Unchallenged, these impacts would have been tremendously detrimental to our coastal communities and eastern North Carolina as a whole. To mitigate the impacts the increases would have caused, BASE worked with our local governments, state lawmakers, citizens, industry partners and media to illuminate the issue and lead the effort for reform. To keep the issue at the forefront, BASE was frequently sourced in print and radio, appeared on WILM’s Byline:Wilmington, served on a coastal insurance panel at the 2009 Shape of the Coast meeting and even garnered a specific mention in the August 12, 2009 Wilmington StarNews editorial for our efforts. BASE has been working on the homeowners insurance for a number of years but served as the primary lobbyist on behalf of the interests of all in the 20 coastal counties during this latest discussion. However, without the support of our legislative leaders, local governments and our members, e ven a small amount of change would have been impossible.
BASE Governmental Affairs Director Tyler Newman discusses Homeowners Insurance with WILM’s Donn Ansell on Byline: Wilmington
LEGISLATIVE CHANGES TO THE BEACH PLAN
BASE served as the lobbying force for the 20 coastal counties as the homeowners insurance issue was deliberated by the North Carolina General Assembly in 2009. While the legislation focused on the Beach Plan and not homeowners insurance as a whole, the result was tremendously important to all North Carolina citizens. Without a financially viable Beach Plan, insurers would be hesitant to write policies throughout North Carolina, due to the unknown risk. So, what did we accomplish?
HB 1305 Omnibus Beach Plan Changes (Rep. Holliman)
PASSED BY NC GENERAL ASSEMBLY, Signed into law by Governor Perdue on Wednesday August 26, 2009
- Most critically, ensures financial stability of the Beach Plan (retaining surplus in the Plan–$41 million out in 2006)
- In the event of a loss to the Beach Plan, creates $1B assessment to Insurance Companies before statewide assessments (effectively $3.4 Billion damages before statewide impact). Previously this amount was a critical unknown which impacted their ability to quantify their risk in NC.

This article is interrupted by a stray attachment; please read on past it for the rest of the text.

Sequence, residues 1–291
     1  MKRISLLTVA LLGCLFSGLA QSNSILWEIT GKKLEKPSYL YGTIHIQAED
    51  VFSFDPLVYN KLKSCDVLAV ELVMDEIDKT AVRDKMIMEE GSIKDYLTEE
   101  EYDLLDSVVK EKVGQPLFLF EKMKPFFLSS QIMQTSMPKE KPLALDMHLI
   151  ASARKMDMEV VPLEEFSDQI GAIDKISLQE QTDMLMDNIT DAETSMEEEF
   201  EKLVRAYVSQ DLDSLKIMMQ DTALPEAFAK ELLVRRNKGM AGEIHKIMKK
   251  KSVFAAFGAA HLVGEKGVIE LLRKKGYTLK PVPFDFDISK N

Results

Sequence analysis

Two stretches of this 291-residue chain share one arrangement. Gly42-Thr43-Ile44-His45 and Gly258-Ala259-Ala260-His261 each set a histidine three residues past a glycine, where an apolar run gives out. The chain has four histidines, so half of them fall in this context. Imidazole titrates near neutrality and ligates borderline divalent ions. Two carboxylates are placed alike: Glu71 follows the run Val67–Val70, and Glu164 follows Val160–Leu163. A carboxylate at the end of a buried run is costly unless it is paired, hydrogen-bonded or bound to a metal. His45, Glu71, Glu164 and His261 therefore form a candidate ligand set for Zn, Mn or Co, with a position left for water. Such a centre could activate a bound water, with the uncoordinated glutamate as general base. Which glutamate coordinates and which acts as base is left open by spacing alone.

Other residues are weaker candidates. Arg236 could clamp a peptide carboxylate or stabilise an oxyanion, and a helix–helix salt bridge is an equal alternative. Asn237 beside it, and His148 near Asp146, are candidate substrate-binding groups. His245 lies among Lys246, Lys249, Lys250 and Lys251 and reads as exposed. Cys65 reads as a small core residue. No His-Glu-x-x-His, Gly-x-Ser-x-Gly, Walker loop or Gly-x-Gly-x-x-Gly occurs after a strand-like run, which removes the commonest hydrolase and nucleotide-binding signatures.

- Protects policyholders statewide by providing financial stability for the plan—which should encourage insurance companies to stay in North Carolina and continue to write policies statewide
- Changes Beach Plan name to “Coastal Property Insurance Pool”
- Legislatively sets surcharges at 5% (wind) and 15% (full peril)
- Establishes 1% named storm deductible
- Removes the proposed requirement for flood insurance (House amendment) and removes surcharges for commercial and dwelling policies (Senate amendment)
- Additional positive provisions in the bill: creates an installment payment option, provides mitigation credits for voluntary measures (storm shutters, roof tie-downs, etc.) and creates a grant program.
Overall, increased transparency and public input of Beach Plan activities and actions of the Rate Bureau.
Downside of HB 1305:
- Reduces residential coverage limits in Beach Plan to $750,000 (from $1.5 million)
- Reduces contents coverage from 70% to 40% (unintended consequences?)
HB 1305 calls for Legislative Research Commission to study:
- Need for changes in the Beach Plan Board
- Adequacy of public participation in the filing of rates by the NC Rate Bureau
- Examine feasibility of establishing a permanent public advocacy staff to participate and advocate in rate-making proceedings (Utility Commission-style?)
- Interim report due for 2010 session, final report due for 2011 General Assembly